Anuradha Chatterjee, Sydney Correspondent
Super Sydney, a project launched by Tim Williams and Andrew Burns, examines metropolitan challenges for the city by collating and interpreting the visions and aspirations of the community by conducting video interviews of about twelve interviewees from each of the forty one local councils in Sydney. The organizers note: ‘Through the democratization of Sydney’s voice, we will build a Metropolitan consciousness’. The findings and collated video interviews will be presented at the Sydney Architecture Festival in October. The process of hearing, understanding, and re-telling hundreds of individual narratives will build metropolitan consciousness and relevance as well as reveal the wealth of knowledge that is contained in the imagination of the citizens at large. A few things than can be said about the events and ideas surrounding this project are as follows:
The first point is the variety and the number of people who are involved in the project. Besides the working group, which includes Sydney architects Tim Williams, Andrew Burns and Adam Russell, as well as Eva Rodriguez-Riestra, Gillian Redman-Lloyd from the Australian Institute of Architects and Penny Craswell, Editor of Artichoke magazine, there are volunteer animators (architects and designers from all over Sydney) who are conducting these video interviews, not to mention the Council members. In addition, the animators are being assisted by about forty architecture students from the Masters studio at the University of Sydney (Coordinator: Lee Stickells; Tutors: Anuradha Chatterjee, Tom Rivard, and Tim Williams). In other words, Super Sydney is firstly (and lastly) a collaborative and collective undertaking.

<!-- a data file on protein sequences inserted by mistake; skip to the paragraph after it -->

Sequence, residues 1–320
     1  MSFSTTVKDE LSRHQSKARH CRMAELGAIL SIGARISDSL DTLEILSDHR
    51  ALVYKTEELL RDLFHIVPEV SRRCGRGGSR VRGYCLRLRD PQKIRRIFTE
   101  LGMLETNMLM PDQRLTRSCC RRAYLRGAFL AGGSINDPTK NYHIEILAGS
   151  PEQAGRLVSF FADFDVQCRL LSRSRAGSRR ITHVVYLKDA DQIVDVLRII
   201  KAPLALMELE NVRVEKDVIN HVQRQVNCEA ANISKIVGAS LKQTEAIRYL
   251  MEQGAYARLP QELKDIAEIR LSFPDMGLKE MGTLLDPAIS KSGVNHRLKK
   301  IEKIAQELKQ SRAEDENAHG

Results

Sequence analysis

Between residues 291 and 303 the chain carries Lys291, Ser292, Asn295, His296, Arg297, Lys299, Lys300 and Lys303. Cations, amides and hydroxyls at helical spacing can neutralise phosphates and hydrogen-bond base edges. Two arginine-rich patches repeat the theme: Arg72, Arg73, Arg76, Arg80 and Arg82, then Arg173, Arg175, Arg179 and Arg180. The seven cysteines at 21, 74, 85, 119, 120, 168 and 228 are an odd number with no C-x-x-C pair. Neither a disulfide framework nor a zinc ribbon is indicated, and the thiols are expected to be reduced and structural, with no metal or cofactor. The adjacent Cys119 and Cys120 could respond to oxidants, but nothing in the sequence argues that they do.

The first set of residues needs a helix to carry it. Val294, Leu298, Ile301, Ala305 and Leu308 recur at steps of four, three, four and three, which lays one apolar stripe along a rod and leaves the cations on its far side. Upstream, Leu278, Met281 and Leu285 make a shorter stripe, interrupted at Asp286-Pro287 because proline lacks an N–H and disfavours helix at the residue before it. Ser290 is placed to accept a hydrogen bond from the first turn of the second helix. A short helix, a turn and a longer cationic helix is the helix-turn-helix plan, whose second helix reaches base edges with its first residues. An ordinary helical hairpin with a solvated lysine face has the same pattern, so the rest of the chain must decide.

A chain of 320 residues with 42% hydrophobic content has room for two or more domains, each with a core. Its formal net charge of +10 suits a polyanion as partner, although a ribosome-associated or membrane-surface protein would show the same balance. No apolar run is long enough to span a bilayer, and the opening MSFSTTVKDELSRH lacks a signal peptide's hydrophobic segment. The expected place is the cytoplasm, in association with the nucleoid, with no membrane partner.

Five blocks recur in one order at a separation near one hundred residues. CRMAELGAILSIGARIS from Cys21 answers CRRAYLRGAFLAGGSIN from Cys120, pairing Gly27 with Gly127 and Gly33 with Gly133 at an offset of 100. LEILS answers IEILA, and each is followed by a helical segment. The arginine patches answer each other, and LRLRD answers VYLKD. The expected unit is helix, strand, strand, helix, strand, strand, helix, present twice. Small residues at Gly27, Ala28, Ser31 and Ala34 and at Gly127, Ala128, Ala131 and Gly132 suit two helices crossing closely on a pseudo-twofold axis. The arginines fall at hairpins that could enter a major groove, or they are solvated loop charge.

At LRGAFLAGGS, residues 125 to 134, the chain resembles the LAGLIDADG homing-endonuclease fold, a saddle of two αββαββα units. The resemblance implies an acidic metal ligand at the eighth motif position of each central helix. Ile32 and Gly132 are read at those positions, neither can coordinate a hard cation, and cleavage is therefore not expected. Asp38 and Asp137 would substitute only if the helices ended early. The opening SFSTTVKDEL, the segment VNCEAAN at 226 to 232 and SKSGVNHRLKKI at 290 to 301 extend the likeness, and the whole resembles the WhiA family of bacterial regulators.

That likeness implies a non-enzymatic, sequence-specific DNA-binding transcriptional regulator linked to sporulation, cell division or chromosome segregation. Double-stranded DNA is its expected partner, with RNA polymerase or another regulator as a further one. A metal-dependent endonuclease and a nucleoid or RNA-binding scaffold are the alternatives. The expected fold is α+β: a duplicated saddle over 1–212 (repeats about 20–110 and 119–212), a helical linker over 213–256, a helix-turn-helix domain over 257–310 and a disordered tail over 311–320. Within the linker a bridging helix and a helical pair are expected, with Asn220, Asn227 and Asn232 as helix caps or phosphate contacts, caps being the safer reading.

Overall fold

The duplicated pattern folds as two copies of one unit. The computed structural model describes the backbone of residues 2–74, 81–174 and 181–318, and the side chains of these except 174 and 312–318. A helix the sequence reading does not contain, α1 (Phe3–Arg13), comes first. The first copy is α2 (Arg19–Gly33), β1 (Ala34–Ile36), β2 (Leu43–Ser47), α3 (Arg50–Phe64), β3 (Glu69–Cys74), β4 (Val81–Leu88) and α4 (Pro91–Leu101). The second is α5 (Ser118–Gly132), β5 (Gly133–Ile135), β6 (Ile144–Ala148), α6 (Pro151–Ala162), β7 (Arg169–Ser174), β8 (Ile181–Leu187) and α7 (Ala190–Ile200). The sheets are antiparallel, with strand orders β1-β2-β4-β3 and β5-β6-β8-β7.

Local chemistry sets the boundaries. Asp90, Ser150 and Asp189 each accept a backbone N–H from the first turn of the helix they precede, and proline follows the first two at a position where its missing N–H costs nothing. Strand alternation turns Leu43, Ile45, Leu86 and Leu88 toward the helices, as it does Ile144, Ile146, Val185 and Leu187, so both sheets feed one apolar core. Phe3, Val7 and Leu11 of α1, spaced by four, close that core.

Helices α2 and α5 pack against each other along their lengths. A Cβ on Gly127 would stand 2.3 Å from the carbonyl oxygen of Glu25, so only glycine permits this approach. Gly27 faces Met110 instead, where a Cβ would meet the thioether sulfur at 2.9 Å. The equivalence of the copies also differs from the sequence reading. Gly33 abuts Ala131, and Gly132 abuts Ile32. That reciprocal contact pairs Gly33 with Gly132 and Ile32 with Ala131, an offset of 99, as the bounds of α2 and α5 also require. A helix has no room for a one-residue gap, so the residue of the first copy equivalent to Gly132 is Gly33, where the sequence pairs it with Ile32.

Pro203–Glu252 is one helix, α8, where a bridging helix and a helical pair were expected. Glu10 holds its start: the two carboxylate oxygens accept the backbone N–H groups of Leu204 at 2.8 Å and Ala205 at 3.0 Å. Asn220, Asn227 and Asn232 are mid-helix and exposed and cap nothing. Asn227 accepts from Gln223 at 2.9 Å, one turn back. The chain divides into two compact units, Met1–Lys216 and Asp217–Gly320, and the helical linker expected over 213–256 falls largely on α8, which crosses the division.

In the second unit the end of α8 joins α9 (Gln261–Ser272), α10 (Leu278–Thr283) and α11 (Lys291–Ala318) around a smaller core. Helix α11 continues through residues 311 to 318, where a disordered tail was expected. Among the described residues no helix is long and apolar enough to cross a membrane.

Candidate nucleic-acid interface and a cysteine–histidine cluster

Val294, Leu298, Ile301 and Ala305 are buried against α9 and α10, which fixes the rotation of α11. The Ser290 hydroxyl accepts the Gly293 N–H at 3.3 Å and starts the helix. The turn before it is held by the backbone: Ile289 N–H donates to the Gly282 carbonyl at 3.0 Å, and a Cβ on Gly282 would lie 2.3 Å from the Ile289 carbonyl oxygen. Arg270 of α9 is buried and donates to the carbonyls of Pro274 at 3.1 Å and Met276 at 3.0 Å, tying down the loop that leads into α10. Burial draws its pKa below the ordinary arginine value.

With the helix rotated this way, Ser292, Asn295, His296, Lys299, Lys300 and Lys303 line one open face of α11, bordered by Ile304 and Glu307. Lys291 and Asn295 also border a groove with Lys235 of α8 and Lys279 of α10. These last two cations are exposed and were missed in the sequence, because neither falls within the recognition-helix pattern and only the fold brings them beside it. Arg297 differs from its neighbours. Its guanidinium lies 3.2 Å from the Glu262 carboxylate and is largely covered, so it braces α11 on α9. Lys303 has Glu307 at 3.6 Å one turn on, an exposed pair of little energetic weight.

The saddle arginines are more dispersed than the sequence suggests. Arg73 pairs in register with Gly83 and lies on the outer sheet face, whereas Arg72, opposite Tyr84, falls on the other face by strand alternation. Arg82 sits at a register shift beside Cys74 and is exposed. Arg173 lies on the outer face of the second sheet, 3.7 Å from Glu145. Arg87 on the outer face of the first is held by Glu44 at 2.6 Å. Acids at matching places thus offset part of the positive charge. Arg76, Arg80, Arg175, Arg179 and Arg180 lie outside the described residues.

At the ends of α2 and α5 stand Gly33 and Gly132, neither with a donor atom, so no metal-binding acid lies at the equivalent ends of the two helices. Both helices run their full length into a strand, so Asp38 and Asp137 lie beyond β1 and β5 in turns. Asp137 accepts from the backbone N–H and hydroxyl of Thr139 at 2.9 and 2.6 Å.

The second point is the speculative dimension to this project. Historically, studio projects (in addition to schemes for design competition and other unbuilt projects), have been the experimental ground for imagining urban utopias. University of Sydney architecture students have engaged in detail with ten councils to discern specific opportunities and challenges for housing, working, cultural experience, sustainability and transport. Students are then expected to synthesize these directions with the findings from the video interviews to present concept proposals for urban initiatives. The emerging suite of projects are as exciting as they are varied, and they include community markets, bridges and crossings, urban farms, new transport networks, virtual communities, affordable housing, programming parks for inclusive use, foreshore revitalizations, temporal and pop up urbanism, and so on.
The third point is that the focus on the ‘suburban’ domains as opposed to the City and Inner City is long overdue, refreshing, and well timed. Not only is Super Sydney informed by the recent success of The Future of Penrith, Penrith of the Future and the union of Councils in Paris called Paris Métropole (both utilizing the involvement of Tim Williams), but it is also coincident with trends in the US. Ellen Dunham Jones’s TED talk and her book Retrofitting Suburbia advocates densifying as well as adapting to new uses those areas which are severely underperforming. Dunham Jones discusses the need to redirect lot more of our growth into existing communities, build up and re-inhabitation of underused parking lots, and adaptation of dead malls as universities, nursing homes and so on. International Making Cities Livable Conference has just announced a similar premise with invitations to exhibit: ‘Successful Designs for Reshaping Suburbia’.
In Sydney, not only there is the real need to think along these lines (now that we have somewhat come to terms with the full extent of urban sprawl and lifeless suburban landscapes that promise no optimism or opportunity for public life), but there is a real opportunity. Each council area is marked by complex history, topography, cultural mix, geographical boundaries, and proximities, revealing issues and concerns that demand urban intervention, repair, or augmentation. It is this innate, endemic, and located opportunities for urbanism that Super Sydney aims to tease out. The lasting influence of Super Sydney, I suspect, will also be in providing a revised context for judging merit of architectural merit – as the sophisticated and thoughtful articulation of broader urban aims, and not mere formal and technological sophistry, or banal programmatic delivery.
Video: Super Sydney on Vimeo